The difference comes in the type of details we care about. As you mentioned previously, details as simple as how we like our coffee, our favorite restaurant and how we like to be treated are what matters. This shows that women know what is truly important to us in the pragmatic sense. Knowing the date of our first trip to Mexico holds no importance other than the memories that existed within it, because this "anniversary date" holds no purpose for a man, other than to please our partners. Consequently, if our partners were to make clear that they really care about us knowing this detail, then we should go out of our way to remember it, because what is important to our partner should be important to us as well. It is just a matter of women being realistic with the extent of how much a man should know in order for them to feel happy.

Finally, I would argue that men want to feel like they are important. We might not care if you know what our favorite movie is, but if we told you three times in the past, and we even watched that movie together, now we will care. Not knowing the movie title in this scenario makes us feel as if we don't matter.

Neely Steinberg: Yes, so it is indeed a two-way street as I suspected. Maybe in slightly different ways, but underneath those differences is a need for both genders to feel appreciated, important, valued and cared for.

Joshua Pompey: But, again, I also think a lot of this has to do with the fact that women are nurturers by nature. And if this is indeed the case, I would presume that women have an instinctive desire to want to know as many details as they possibly can about their mate, in order to feel as if they can take care of him as best as possible. I am aware that may sound misogynistic as well, but I mean this on more of a sub-conscious level.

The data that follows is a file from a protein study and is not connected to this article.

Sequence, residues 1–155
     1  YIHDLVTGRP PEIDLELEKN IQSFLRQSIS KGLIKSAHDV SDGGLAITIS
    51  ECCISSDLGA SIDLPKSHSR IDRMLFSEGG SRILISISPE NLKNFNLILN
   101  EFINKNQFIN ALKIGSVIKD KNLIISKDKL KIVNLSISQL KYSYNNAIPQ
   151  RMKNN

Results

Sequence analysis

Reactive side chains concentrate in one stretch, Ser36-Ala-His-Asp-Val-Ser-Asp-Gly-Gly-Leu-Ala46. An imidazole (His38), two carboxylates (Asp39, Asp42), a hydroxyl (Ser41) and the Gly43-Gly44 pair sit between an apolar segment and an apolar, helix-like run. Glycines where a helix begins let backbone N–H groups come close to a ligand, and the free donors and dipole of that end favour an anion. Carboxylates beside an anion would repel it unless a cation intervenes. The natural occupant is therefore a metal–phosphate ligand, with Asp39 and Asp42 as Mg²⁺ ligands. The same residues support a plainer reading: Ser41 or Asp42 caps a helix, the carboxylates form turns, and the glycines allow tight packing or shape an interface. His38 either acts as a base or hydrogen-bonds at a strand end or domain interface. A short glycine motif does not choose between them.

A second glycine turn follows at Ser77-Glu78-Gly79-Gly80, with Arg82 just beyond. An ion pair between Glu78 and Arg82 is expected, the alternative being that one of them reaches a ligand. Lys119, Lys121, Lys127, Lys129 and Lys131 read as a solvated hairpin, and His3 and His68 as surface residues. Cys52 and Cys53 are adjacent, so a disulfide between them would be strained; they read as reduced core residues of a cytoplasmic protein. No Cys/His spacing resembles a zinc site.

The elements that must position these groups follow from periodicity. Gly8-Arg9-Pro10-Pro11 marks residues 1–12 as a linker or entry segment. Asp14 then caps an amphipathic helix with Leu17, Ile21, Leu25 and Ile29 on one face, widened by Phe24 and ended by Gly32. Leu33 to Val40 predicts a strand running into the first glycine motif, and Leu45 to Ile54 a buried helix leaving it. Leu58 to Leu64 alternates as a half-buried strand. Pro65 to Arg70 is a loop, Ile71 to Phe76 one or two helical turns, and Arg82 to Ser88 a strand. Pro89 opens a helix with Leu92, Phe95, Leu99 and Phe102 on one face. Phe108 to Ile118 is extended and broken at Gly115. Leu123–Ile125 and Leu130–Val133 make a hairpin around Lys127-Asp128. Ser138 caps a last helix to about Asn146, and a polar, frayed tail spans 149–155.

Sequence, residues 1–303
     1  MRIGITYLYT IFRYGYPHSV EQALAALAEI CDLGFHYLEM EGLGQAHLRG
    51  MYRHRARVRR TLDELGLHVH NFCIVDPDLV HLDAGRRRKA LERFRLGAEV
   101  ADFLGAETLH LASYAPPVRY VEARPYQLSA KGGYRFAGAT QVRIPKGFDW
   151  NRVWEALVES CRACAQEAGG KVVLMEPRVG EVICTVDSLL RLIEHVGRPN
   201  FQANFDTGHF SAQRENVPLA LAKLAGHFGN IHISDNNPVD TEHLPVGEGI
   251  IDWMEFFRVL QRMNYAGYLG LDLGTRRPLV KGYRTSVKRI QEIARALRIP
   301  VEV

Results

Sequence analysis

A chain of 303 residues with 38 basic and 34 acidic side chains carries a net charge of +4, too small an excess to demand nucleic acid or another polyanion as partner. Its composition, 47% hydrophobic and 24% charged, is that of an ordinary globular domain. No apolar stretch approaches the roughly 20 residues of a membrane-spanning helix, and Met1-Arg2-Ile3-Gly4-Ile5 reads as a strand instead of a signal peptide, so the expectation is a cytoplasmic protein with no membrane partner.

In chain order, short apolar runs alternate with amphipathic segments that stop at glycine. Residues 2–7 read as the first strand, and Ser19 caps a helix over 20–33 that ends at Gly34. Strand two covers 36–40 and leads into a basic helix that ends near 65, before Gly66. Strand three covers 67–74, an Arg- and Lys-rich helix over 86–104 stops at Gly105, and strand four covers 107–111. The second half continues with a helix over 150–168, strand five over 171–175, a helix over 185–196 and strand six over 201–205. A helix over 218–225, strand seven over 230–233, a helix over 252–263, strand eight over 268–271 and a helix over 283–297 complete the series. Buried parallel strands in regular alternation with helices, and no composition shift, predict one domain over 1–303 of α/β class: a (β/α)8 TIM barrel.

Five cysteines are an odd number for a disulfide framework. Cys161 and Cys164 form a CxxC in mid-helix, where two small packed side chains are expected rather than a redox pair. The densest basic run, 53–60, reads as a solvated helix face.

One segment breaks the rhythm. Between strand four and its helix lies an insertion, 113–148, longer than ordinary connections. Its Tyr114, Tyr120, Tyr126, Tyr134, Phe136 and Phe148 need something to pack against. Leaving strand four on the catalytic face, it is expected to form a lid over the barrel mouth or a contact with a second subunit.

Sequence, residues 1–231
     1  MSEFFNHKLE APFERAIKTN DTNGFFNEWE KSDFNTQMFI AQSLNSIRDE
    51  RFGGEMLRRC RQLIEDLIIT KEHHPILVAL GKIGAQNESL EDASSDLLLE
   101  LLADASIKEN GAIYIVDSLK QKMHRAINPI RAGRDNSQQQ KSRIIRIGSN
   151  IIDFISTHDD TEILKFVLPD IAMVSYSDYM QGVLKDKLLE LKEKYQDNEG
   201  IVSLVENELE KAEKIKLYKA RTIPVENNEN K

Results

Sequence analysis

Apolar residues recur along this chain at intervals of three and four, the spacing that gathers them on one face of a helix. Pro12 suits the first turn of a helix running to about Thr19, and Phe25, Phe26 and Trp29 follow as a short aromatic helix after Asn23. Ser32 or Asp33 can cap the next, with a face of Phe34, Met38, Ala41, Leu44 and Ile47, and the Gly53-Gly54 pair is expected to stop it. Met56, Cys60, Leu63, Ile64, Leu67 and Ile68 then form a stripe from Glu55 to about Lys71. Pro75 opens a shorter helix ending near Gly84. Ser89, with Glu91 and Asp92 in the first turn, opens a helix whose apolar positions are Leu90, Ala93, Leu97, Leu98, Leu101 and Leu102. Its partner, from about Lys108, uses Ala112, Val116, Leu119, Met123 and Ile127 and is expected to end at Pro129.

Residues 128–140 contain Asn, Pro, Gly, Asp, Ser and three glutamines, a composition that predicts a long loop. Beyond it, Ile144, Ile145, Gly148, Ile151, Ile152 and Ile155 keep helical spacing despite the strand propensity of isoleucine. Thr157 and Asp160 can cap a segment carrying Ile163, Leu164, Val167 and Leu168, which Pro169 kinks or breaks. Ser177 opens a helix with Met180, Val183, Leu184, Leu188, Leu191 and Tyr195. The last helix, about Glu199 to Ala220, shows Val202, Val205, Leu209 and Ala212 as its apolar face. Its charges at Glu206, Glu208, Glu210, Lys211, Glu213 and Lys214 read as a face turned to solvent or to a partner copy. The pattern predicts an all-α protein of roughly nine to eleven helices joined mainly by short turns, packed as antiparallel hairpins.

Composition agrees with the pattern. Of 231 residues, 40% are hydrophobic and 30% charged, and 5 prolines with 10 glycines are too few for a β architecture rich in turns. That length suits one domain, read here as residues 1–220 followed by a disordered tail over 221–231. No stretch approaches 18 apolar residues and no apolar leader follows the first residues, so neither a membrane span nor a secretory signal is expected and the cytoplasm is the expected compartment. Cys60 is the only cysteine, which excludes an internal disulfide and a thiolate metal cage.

Neely Steinberg: Perhaps. I think female friendships operate more on a detail-oriented level. We want to know the minutiae of each other's lives; we connect that way. If you observe the way most women converse with each other, it's much different than the way men bond conversationally. Perhaps these differences spill over into relationships: Women get upset that their partners don't remember or care to remember the little things, and men are flustered as to why they should know or care about these things in the first place. But I still say it behooves both genders to take the time to know the small stuff about their partners and show them how much they value each other's worlds through small gestures and attention to detail. The grand gestures happen only every so often; it's the small gestures that happen the rest of the time that really sustain a relationship long-term.

Joshua Pompey: I do think the small gestures help sustain a relationship. I am as guilty as any man of making romantic gestures, providing cute, inside-joke gifts and planning elaborate dates early on in the courting phase, only to lose sight of these types of things as the relationship progresses. Perhaps this is due to programming. Or perhaps it is just human nature to get lazy when you're with the same person for a long time. On a personal note, perhaps it is because I have yet to find that special someone who inspires me to keep these efforts sustained for years at a time.

Regardless of the cause, there is no doubt that putting in that extra effort will make both parties happier in the long run. Just as long as both parties are clear and realistic with their expectations of what will make them happy. In the end, I think you make some good points. Paying attention to detail, to the little things, especially as the years tick by, shows loyalty and commitment. At the end of the day, both men and women want to feel valued, and as if they are important to their partner. Both genders need to put in the effort!

To the readers: What are the little things that your partner does for you or remembers that shows how much he or she appreciates and values you?

Joshua Pompey is an expert in the field of online dating. Check out his free online dating tips for plenty of advice.